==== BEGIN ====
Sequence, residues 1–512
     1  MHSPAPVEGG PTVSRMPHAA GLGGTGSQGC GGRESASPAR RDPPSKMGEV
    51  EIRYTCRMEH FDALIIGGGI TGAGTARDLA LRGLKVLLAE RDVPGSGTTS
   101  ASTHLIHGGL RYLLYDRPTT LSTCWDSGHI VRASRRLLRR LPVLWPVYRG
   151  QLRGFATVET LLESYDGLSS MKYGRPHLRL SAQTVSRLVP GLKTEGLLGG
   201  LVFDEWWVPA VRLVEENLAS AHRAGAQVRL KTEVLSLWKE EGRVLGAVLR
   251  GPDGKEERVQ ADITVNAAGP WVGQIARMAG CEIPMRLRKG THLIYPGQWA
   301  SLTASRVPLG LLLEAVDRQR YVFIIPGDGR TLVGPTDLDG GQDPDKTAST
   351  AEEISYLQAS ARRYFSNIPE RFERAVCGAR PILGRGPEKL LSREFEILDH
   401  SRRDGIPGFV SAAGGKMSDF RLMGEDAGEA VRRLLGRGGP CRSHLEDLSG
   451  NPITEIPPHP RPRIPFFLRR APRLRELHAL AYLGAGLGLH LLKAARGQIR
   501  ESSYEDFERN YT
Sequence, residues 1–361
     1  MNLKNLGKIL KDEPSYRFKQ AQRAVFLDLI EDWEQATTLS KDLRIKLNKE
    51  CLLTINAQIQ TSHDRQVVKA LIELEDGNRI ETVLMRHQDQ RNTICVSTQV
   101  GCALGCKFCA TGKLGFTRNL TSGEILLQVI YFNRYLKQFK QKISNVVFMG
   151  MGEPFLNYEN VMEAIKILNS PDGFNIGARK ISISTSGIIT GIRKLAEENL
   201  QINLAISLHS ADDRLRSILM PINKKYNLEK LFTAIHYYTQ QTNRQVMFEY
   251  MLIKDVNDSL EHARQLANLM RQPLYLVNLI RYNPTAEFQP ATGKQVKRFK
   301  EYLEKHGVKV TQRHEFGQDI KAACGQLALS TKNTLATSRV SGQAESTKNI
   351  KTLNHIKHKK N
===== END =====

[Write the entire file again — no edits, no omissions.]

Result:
Sequence, residues 1–512
     1  MHSPAPVEGG PTVSRMPHAA GLGGTGSQGC GGRESASPAR RDPPSKMGEV
    51  EIRYTCRMEH FDALIIGGGI TGAGTARDLA LRGLKVLLAE RDVPGSGTTS
   101  ASTHLIHGGL RYLLYDRPTT LSTCWDSGHI VRASRRLLRR LPVLWPVYRG
   151  QLRGFATVET LLESYDGLSS MKYGRPHLRL SAQTVSRLVP GLKTEGLLGG
   201  LVFDEWWVPA VRLVEENLAS AHRAGAQVRL KTEVLSLWKE EGRVLGAVLR
   251  GPDGKEERVQ ADITVNAAGP WVGQIARMAG CEIPMRLRKG THLIYPGQWA
   301  SLTASRVPLG LLLEAVDRQR YVFIIPGDGR TLVGPTDLDG GQDPDKTAST
   351  AEEISYLQAS ARRYFSNIPE RFERAVCGAR PILGRGPEKL LSREFEILDH
   401  SRRDGIPGFV SAAGGKMSDF RLMGEDAGEA VRRLLGRGGP CRSHLEDLSG
   451  NPITEIPPHP RPRIPFFLRR APRLRELHAL AYLGAGLGLH LLKAARGQIR
   501  ESSYEDFERN YT
Sequence, residues 1–361
     1  MNLKNLGKIL KDEPSYRFKQ AQRAVFLDLI EDWEQATTLS KDLRIKLNKE
    51  CLLTINAQIQ TSHDRQVVKA LIELEDGNRI ETVLMRHQDQ RNTICVSTQV
   101  GCALGCKFCA TGKLGFTRNL TSGEILLQVI YFNRYLKQFK QKISNVVFMG
   151  MGEPFLNYEN VMEAIKILNS PDGFNIGARK ISISTSGIIT GIRKLAEENL
   201  QINLAISLHS ADDRLRSILM PINKKYNLEK LFTAIHYYTQ QTNRQVMFEY
   251  MLIKDVNDSL EHARQLANLM RQPLYLVNLI RYNPTAEFQP ATGKQVKRFK
   301  EYLEKHGVKV TQRHEFGQDI KAACGQLALS TKNTLATSRV SGQAESTKNI
   351  KTLNHIKHKK N